AUSTRAC enforcement: The key lessons for risk and compliance teams

AUSTRAC enforcement

AUSTRAC enforcement: The key lessons for risk and compliance teams

In June, the Commonwealth Bank of Australia (CBA) settled a civil claim from the Australian Transaction Reports and Analysis Centre (AUSTRAC) for breaches of the Anti-Money Laundering and Counter-Terrorism Financing Act (AML/CTF Act).

The A$700 million penalty was at the time the largest fine for AML/CTF breaches outside the United States. It remains the largest fine in Asia.

The breaches by CBA have been well-documented, and while the majority of reporting entities are not as large or complex as CBA, and do not offer the products and services that were the subject of the civil claim, there are lessons for all to consider. All reporting entities should take note of the issues that led to the CBA breaches, and ensure that they address non-compliance vulnerabilities in their own businesses.

At the time of the CBA settlement, Nicole Rose, the chief executive of AUSTRAC, said the penalty would cause industry to take note, and said AML/CTF would become a regular talking point in boardrooms across the country.

“It is the responsibility of reporting entities, their boards and senior management to ensure the organisation they oversee takes its AML/CTF obligations seriously, and that there is an organisational culture that supports this,” Rose said.

This author has many years of AML/CTF experience, including the management of similar cases for financial institutions, and was the AUSTRAC-appointed expert witness in the CBA case. As a result, he is uniquely positioned to provide commentary on how reporting entities should respond to the case. This article sets out six lessons for reporting entitles, which distil the main points identified as part of the recent “expert witness” sessions in which the author participated with Nathan Lynch of Thomson Reuters in Melbourne, Sydney and Brisbane.

Lesson one: Understand and manage your ML/TF risks 

Understanding, and responding to, the ML/TF risks faced by a business is a fundamental principle of AML/CTF. It ensures reporting entities are in a position to manage and mitigate their risks, so it becomes more difficult for their products and services to be used by criminals, and makes it easier to identify when criminals are using, or are attempting to use, a business to commit crime and/or launder money.

The AML/CTF Act and Rules require reporting entities to understand their ML/TF risks, and continue to understand the level and extent of their ML/TF risks over time. If a business fails to assess its risks or to maintain an adequate understanding of its ML/TF risks, the systems and controls in place to manage and mitigate the risk may become ineffective.

As part of the CBA case, it was identified that before the introduction of intelligent deposit machines (IDMs) the ML/TF risks were not property understood, and that multiple opportunities to re-assess the ML/TF risk were missed, despite clear indicators that such risks were increasing.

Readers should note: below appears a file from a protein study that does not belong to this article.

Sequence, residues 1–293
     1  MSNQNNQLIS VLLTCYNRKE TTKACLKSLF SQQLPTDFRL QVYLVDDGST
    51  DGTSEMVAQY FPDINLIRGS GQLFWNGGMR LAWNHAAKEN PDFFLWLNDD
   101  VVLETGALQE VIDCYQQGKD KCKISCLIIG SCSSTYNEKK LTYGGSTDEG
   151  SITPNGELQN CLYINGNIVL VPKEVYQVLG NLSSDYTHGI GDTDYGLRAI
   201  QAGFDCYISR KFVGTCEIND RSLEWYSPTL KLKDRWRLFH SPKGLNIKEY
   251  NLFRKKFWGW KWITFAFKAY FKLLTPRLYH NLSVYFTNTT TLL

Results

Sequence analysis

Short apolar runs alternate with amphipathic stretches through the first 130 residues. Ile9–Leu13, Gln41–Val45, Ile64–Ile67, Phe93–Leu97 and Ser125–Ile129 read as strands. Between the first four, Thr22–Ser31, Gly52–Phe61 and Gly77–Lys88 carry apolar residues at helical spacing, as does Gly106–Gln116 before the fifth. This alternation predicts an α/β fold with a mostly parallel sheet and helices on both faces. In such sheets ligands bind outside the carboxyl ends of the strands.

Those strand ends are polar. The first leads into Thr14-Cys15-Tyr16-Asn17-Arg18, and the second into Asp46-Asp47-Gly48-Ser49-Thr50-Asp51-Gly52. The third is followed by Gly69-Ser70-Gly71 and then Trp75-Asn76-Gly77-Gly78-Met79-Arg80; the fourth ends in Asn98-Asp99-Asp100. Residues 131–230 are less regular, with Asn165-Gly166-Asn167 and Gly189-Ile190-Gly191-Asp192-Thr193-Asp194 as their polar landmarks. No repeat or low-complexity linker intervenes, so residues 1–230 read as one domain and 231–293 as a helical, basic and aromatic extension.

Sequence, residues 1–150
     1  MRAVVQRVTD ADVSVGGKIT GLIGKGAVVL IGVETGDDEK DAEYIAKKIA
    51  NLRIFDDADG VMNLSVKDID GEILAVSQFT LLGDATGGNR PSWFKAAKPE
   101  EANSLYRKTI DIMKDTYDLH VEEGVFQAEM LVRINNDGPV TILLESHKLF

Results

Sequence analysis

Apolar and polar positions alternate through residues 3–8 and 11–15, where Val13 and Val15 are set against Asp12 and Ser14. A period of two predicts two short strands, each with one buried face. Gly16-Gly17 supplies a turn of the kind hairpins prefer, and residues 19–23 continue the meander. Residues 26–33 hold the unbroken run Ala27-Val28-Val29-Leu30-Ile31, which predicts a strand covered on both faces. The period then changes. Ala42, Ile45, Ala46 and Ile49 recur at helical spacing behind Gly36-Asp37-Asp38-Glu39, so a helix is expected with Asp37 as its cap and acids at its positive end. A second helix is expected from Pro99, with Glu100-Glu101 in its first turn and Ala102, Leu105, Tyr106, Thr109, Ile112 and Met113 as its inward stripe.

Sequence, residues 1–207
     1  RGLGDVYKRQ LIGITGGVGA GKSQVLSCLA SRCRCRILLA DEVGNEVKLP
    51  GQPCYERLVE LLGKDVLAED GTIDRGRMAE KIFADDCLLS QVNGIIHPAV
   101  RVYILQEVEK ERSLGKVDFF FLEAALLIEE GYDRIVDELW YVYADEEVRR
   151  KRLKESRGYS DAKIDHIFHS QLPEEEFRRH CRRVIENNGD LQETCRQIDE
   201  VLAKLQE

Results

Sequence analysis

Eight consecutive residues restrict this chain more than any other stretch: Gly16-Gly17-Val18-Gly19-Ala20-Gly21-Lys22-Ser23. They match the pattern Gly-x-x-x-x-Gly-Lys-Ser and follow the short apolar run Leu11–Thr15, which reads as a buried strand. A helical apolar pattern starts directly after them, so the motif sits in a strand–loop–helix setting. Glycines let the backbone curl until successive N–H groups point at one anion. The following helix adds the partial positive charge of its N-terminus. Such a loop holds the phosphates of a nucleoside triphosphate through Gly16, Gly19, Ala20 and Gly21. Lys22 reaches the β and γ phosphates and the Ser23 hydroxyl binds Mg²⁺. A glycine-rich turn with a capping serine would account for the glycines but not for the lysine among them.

Reporting entitles should be aware that, as in the CBA case, their understanding of ML/TF risk and the adequacy of controls in place to mitigate those risks may be reviewed retrospectively by AUSTRAC, particularly where there is evidence of criminal activity, and that real ML/TF risk has arisen.

They should therefore consider whether their ML/TF risk assessment is up-to-date and accurately reflects their ML/TF risks, and whether the controls in their AML/CTF program appropriately manage and mitigate those risks.

Lesson two: Follow your AML/CTF program 

One of the other requirements of the AML/CTF Act and Rules is that reporting entities should have in place an AML/CTF program, and ensure they are following that program.

CBA’s AML/CTF program clearly articulated what should be done in particular circumstances, however on a number of occasions it was apparent that it failed to follow the requirements stipulated by that program.

Having set out what needs to be done within an AML/CTF program, failure to ensure the business is complying with that plan is a fundamental error.

Reporting entities should put in place mechanisms to ensure they are following the AML/CTF program. The type and extent of those mechanisms will vary depending upon the size, nature and complexity of the business. They can, however, be as simple as routinely checking operational activity against AML/CTF program requirements, or commissioning an independent review with reasonable frequency. If a business is operating a lines of defence risk management model, each line of defence should be involved in checking that the AML/CTF program is being followed.

Lesson three: Manage change within the business 

As well as maintaining an up-to-date understanding of ML/TF risk, it is important to understand the impact that changes to business systems can have on AML/CTF controls, and on the reporting entity’s ability to comply with the AML/CTF Act and Rules and with its own AML/CTF program.

The CBA case highlighted that even relatively small and apparently innocuous changes to business systems can result in disproportionate non-compliance. For example, CBA made a system change to fix an error message on customer-facing systems which meant that certain transactions meeting the threshold transaction reporting (TTR) criteria were not systematically identified, and were therefore not reported to AUSTRAC.